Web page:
Kennedy Institute of Ethics Journal 27 (2):151-184 (2017)

Authors
Stephen M. Campbell
Bentley University
Joseph A. Stramondo
San Diego State University
Abstract
It is widely assumed that disability is typically a bad thing for those who are disabled. Our purpose in this essay is to critique this view and defend a more nuanced picture of the relationship between disability and well-being. We first examine four interpretations of the above view and argue that it is false on each interpretation. We then ask whether disability is thereby a neutral trait. Our view is that most disabilities are neutral in one sense, though we cannot make simple generalizations about disability's relationship to well-being in other important senses. After defending this view, we discuss its practical implications for selective abortion for disability, nondisabled people's interactions with disabled people, and the use of QALYs in health policy.
Keywords disability  well-being  welfare  good life  harm  bad for  QALY  genetic screening  bioethics  disability studies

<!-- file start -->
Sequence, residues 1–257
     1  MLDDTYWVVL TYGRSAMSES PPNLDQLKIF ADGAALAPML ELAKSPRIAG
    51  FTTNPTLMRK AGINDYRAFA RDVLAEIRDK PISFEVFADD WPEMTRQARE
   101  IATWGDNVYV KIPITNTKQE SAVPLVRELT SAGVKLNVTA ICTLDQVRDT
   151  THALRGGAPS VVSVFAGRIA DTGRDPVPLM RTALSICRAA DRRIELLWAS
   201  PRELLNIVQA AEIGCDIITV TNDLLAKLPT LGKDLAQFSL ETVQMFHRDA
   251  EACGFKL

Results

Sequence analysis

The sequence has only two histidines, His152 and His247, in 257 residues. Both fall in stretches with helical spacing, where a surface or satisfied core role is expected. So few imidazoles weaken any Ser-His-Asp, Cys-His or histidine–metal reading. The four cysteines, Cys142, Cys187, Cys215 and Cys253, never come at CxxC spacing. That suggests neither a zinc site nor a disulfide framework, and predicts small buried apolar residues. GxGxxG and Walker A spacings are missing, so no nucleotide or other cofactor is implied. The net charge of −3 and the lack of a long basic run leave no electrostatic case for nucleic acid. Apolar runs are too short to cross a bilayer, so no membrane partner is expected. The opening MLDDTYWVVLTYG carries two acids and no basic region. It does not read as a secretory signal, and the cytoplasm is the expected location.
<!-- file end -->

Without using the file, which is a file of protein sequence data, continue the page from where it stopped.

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DOI 10.1353/ken.2017.0014
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Citations of this work BETA

Oppressive Things.Shen‐yi Liao & Bryce Huebner - forthcoming - Philosophy and Phenomenological Research.
What’s Wrong with “You Say You’Re Happy, but…” Reasoning?Jason Marsh - forthcoming - In David Wasserman & Adam Cureton (eds.), Oxford Handbook of Philosophy and Disability. Oxford University Press.
Genetically Modifying Livestock for Improved Welfare: A Path Forward.Adam Shriver & Emilie McConnachie - 2018 - Journal of Agricultural and Environmental Ethics 31 (2):161-180.
Well-Being, Opportunity, and Selecting for Disability.Andrew Schroeder - 2018 - Journal of Ethics and Social Philosophy 14 (1).

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